I can painlessly transcend sub-nominal circumstances as I did when I declared the planned Saturday of eating other peoples’ food “an experiment,” and ended the day without feeling the world hates me. I had paid a few bills last week, and had to stretch what was left in the account to July 1. (In my kitchen, I had less than half a loaf of bread. half a jar of mayonnaise; coffee and iced tea mix to last me well into the new month.) If esteemed upstairs resident did not pay rent until the second or third, I’d have to stretch it even further. That’s why food availability dictated my social calendar for the weekend. Thursday, I decided that if I could be a mite more social and nourish my body, the result from my socializing would serve two purposes: surprising some folks I haven’t seen since I discontinued my Central Illinois Visual Artists Galleries web enterprise that I’m not a past-tensed entity and consuming what would likely be a light “lunch” but a better “dinner.”
That’s why I attended the Vachel Lindsay Home’s annual neighborhood walking architectural tour starting at 9 Saturday. Light refreshments had been promised at the end. That element was the clincher, but I also wanted to make good my previous week’s promise to the director that I would attend the event with camera in tow. Jennie Battles had hinted she might want me to share some of my memorized Vachel poetry and songs at a House event on July 5. So, really, it was a combination motivation. At the end of it all, along with excellent conversations, handing out some of my new Vachel Pages web site cards and taking some deccent pictures for my VP web site, I had enjoyed my seven or eight cookies and two cups of Jennie’s fabulous Constant Comment iced tea aaaaaaaaaaand departed the home with the happy news that I am invited to share my poetry and song thing at the site next Saturday. There’s no pay involved (it’s a state insitution and budgeting has been cut back; NOT a big deal since I would gladly share at the Vachel house as my gift to that place) but I am invited to lunch early in the afternoon.
After spending every minute between that fine tour processing the pictures I took, working on my web pages and tossing several cups of Folgers instant down the hatch, I stopped only long enough to change clothes and head over to Springfield Art Association’s reception for their new gallery exhibition. It was the first time I had visited the place since shutting down CIVAG and the first time most of them had seen me without facial hair (notwithstanding those growing out of my ear lobes). All in all, it was a very happy event that included warm greetings from director Angie Dunfee, friendly encounters with artists Gloria and Jerry Josserand, and a fast posed photo shoot of Tony Leone, owner of Pasfield House.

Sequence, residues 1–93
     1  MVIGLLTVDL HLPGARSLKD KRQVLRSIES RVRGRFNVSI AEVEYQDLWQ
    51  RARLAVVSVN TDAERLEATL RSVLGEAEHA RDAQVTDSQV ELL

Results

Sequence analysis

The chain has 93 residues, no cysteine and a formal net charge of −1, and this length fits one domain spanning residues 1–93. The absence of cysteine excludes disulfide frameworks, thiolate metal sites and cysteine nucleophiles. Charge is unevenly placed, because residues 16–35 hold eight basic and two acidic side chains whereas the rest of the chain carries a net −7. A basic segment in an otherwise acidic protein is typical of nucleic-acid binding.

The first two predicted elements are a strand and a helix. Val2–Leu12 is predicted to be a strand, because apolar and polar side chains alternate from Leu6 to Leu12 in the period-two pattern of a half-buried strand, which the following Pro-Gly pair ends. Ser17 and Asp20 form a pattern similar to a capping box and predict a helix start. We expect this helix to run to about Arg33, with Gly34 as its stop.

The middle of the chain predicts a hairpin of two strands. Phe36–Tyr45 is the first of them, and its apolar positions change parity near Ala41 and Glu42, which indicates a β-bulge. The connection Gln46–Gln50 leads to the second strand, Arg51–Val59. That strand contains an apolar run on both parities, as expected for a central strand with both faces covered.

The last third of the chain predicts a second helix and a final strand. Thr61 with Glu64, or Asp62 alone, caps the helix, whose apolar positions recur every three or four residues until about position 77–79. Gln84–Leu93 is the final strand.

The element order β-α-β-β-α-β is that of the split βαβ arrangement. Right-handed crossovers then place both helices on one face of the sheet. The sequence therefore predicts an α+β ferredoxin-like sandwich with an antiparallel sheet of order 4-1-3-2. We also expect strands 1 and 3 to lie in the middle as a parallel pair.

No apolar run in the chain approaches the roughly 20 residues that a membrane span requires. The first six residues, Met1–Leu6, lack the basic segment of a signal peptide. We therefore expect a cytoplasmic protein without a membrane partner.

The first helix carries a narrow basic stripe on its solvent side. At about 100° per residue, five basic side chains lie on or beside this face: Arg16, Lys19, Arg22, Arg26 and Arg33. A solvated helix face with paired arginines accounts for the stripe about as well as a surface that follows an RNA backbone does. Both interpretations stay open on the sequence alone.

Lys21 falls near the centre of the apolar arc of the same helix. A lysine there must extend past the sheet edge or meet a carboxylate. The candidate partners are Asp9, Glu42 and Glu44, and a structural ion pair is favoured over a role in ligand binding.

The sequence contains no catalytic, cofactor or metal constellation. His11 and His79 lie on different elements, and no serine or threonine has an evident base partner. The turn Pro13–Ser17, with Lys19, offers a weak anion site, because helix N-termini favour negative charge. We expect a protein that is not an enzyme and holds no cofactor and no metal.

The finger food and wine are the best of any gallery reception I’ve attended and I guiltlessly consumed all I wanted. I wasn’t piggy about it; put only twice as much on my saucers (three or four rounds) as most of the others, took some pictures for my blog and future applications, and departed for the big blues and jazz fest downtown where I had volunteered to help. My camera went along, of course.
We missed a major downpour by Divine beneficence. Walking from my car to the big doin’s I expected to be drenched by what seemed major precip before I arrived. The skies didn’t dump on us. After helping take tickets about half an hour, I spent the next three and a half at the been truck and had a great time. I also found time to get away for a few minutes at a time to take some pictures of some of the bands. The whole evening was a breeze with excellent people and fine music, especially a group from Memphis whose name I will share when I find it somewhere. .I was having so much fun I didn’t think to take home a program.
Throughout the night, I had consumed all the beer I desired in the course of “testing” newly tapped kegs, but I had eaten nothing. No time and no dollars. As the event shut down a little after midnight, I was walking by the food vendors next to the beer wagon when someone shouted “Anyone want some leftovers?” I GRATEFULLY took home two bratwursts and kraut and two hamburgers, all I could hold with two hands without seeming like a third-class beggar. The beer I had consumed (not a LOT) might as well have been water based on the nil impairment encounterd driving home. It’s not risking lying to myself to believe I had worked it all out of my system.
On arriving home in the piquant coolness of the near south side at 12:30 am, not having any alcohol of any kind in the house for more than a week, considered myself LUCKY to down two glasses of Lipton Instant while almost inhaling the burgers and brats while watching the second half of DaVinci’s Inquest. It was an incredibly satisfying conclusion to a day uncommonly productively spent and amply rewarding.
Today, I could have gone to the grocery store for more provisions, but I’m counting my past-midnight repast fair and ample nourishment for the day. All day, I’ve been at this computer processing pictures from yesterday and working on my web sites, trying to reduce aviation photo content to make more room for arts-related pictures. I know that if I eat even two pieces of toast and margarine, with raspberry jam of course, I’ll only become hungrier and eat the rest of the bread tonight. Instead, I’m cutting myself off the coffee so I can get to sleep at a decent hour (‘Round Midnight as Thelonius Monk might say) and IF I reward myself with food, it will be close to bed time. My “experiment.” has been successful. When I’m having fun or working productively, food for me is incidental anyway. If only I could spend more time engaged in productive activity, this froggy countenance I call my baaaaahdy might be in better form. So might my life.
Live long . . . . . and proper.
Read Full Post »